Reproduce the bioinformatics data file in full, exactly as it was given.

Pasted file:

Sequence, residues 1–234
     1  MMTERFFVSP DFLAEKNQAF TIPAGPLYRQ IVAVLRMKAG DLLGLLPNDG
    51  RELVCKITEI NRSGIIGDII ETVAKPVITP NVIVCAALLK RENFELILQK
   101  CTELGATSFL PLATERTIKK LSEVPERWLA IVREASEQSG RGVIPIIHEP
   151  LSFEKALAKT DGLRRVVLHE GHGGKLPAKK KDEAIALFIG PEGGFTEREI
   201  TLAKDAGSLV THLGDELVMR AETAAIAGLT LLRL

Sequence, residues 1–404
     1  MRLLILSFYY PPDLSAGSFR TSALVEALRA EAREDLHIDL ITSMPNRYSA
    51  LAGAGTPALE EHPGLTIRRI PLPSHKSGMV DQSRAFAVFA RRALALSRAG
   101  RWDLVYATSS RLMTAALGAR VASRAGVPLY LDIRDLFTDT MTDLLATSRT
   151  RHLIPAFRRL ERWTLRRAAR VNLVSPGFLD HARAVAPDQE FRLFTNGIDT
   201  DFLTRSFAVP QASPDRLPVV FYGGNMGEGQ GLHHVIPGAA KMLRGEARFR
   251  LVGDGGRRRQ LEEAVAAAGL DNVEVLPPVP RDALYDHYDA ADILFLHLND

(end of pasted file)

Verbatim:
Sequence, residues 1–234
     1  MMTERFFVSP DFLAEKNQAF TIPAGPLYRQ IVAVLRMKAG DLLGLLPNDG
    51  RELVCKITEI NRSGIIGDII ETVAKPVITP NVIVCAALLK RENFELILQK
   101  CTELGATSFL PLATERTIKK LSEVPERWLA IVREASEQSG RGVIPIIHEP
   151  LSFEKALAKT DGLRRVVLHE GHGGKLPAKK KDEAIALFIG PEGGFTEREI
   201  TLAKDAGSLV THLGDELVMR AETAAIAGLT LLRL

Sequence, residues 1–404
     1  MRLLILSFYY PPDLSAGSFR TSALVEALRA EAREDLHIDL ITSMPNRYSA
    51  LAGAGTPALE EHPGLTIRRI PLPSHKSGMV DQSRAFAVFA RRALALSRAG
   101  RWDLVYATSS RLMTAALGAR VASRAGVPLY LDIRDLFTDT MTDLLATSRT
   151  RHLIPAFRRL ERWTLRRAAR VNLVSPGFLD HARAVAPDQE FRLFTNGIDT
   201  DFLTRSFAVP QASPDRLPVV FYGGNMGEGQ GLHHVIPGAA KMLRGEARFR
   251  LVGDGGRRRQ LEEAVAAAGL DNVEVLPPVP RDALYDHYDA ADILFLHLND